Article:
The Grand Surrey Canal
...is the canal that aimed for Portsmouth but only got as far as Camberwell!
An introduction to the Surrey Canal
The Grand Surrey's story really begins back in 1696. This was the year that the Howland Great Wet Dock, was dug. This was the largest ship dock ever built at the time. By 1763 it had been renamed Greenland Dock, which is synoymous with the Grand Surrey Canal. The Canal's Act of 1801 initially authorised a route from Rotherhithe to Epsom with a possible extension to Portsmouth.
The development of a larger dock system than orignally envisaged saw all ambitious plans curtailed and a more mediocre route built as far as Camberwell. The waterway opened in stages - the dockland end by 1807 and the Camberwell end in 1809. A 1,100yd extension to Peckham opened in 1826. The company's renaming as the Grand Surrey Docks and Canal Company is how the area around Rotherhithe came to be known as Surrey Docks. Today its Surrey Quays.
Both the Croydon and Grand Surrey canals were officially opened in 1809. Unlike the Croydon which closed in 1836, the Surrey canal lasted until the start of the 1970's, and there are a few remains of the old canal route. The canal's decline began in the 1940's, when part was abandoned. Dewatering of the westermost sections occurred in the 1960's after concerns of children falling in. By the 1970's it had all gone save for a short section from Greenland Dock giving access to timber wharves in Evelyn Road, Deptford. This remaining stretch was closed and infilled during 1971.
Grand Surrey sign warning of trespassing - exhibit at the London Canal Museum, Kings Cross
Despite the regeneration of the Surrey Docks (now known as Surrey Quays) area, the Grand Surrey Canal missed out on a potential future as a linear waterway through South London, and most of it is now industrial estate, especially between Evelyn Road and the junction with the Peckham Branch. This stretch is unwalkable, except via side roads with glimpses of the former route from bridges. In the middle of this section is the Surrey Canal Road stretch, which passed under four different railway bridges in a straight line, and a section which can be walked if one doesnt mind the heavy traffic that thunders along this road.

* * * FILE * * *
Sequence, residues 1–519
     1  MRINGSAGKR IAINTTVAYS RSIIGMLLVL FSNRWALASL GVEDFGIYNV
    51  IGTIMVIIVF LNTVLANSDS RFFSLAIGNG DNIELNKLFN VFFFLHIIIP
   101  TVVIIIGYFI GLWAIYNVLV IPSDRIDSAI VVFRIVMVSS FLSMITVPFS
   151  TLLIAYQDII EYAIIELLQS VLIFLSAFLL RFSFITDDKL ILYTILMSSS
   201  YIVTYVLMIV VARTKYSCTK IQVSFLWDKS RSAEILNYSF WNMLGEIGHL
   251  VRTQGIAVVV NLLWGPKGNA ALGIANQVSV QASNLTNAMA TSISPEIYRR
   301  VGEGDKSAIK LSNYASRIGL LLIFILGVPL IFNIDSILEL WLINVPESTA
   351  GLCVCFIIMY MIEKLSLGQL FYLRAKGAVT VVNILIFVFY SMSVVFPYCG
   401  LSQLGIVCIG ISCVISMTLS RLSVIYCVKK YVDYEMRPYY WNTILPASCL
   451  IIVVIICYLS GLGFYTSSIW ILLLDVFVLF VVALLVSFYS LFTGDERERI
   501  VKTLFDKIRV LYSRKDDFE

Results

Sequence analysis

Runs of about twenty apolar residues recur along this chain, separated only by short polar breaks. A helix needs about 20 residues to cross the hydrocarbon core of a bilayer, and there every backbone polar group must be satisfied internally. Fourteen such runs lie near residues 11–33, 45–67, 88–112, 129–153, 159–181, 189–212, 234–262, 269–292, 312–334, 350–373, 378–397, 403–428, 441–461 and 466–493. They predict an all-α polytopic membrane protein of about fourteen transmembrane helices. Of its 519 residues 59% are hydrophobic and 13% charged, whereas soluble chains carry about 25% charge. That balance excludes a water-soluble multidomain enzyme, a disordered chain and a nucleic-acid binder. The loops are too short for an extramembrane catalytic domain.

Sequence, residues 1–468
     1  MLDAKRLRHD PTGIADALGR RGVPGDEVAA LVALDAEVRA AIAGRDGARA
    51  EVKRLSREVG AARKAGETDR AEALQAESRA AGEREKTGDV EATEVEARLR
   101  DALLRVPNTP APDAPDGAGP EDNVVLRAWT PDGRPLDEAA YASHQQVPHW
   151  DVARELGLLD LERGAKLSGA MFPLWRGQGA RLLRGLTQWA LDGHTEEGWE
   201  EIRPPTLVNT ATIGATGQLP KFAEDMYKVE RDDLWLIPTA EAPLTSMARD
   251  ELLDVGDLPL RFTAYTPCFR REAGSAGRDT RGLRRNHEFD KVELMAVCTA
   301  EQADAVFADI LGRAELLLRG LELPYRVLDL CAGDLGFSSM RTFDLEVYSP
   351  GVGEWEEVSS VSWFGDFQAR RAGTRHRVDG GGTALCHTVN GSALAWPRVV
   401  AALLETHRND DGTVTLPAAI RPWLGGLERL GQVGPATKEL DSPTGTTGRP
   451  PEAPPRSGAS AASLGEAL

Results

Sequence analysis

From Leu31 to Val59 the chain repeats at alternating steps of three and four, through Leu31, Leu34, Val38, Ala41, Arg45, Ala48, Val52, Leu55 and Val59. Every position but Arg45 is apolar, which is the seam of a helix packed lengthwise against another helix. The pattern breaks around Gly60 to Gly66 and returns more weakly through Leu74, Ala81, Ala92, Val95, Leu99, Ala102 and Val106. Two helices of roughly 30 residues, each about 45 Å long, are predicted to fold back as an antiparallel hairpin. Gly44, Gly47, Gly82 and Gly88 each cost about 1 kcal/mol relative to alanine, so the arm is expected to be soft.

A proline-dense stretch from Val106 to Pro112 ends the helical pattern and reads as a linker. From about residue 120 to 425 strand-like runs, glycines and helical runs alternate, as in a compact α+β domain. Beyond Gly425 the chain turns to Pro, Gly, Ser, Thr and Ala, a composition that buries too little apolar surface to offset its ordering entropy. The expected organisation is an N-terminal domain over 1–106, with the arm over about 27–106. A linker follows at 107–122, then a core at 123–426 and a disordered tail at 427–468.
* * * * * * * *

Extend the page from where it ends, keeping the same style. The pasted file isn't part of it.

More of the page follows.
For an erstwhile waterway, especially in London, the piece de resistance is the landscaped former branch to Peckham, complete with road overbridges. The remainder of the canal, virtually straight as a ruler, stretches from the junction with the Peckham route to Camberwell New Road, and this section forms a substantial part of what is known as Burgess Park.
A distinctive feature of the Grand Surrey Canal was its overbridges, one of which now stands. They had elaborate cast iron lamp stands, the best being those on the Old Kent Road, one of the earliest to use gas lighting. People familar with the Old Kent Road bridge will remember how after the canal's closure it became an underpass for pedestrians. Steps were built down from the road on either side, and a walkway laid on the old canal underneath the bridge.
A walk along the route of the GSC will reveal a lot of commercial premises who still have names that remind one of the canal. There's Victoria Wharf - its name set out in bricks - and theres Canada Wharf, British Wharf etc, plus the Pepys Estate on the east side of Evelyn Road had old maps until recently showing the estate layout, complete with the canal route marked on it from the days when it was in use, whilst a couple of timber merchants still exist along the route of the canal, reminding us of their canal origins.
The above map is from 1971, when the Surrey Docks were in the process of being rationalised. As seen, the entrance lock to the Grand Surrey Canal has already gone, however a short length of the canal itself, dewatered obviously, still remains for a short distance towards Trundleys Road. This stretch had by then been the last working remnant of the canal. Plough Way's former alignment is clearly shown.
Bibliography & References: Lost Navigations - The Croydon and Grand Surrey - Bernard Brown, Canal and Riverboat, 1986; Retracing Canals to Croydon and Camberwell - Living History Publications, Bromley, 1986.
Many thanks to: Croydon Local Studies Library for their help and use of images from the library collection.
Click to read an article from May 1971 on the Grand Surrey Canal - Southwark Council wanted to retain the canal and make it into an amenity. But the canal's owners, the Port of London Authority, were against the idea...
The former alignment of the Grand Surrey Canal at St George's/Wells Way Burgess Park, looking towards Camberwell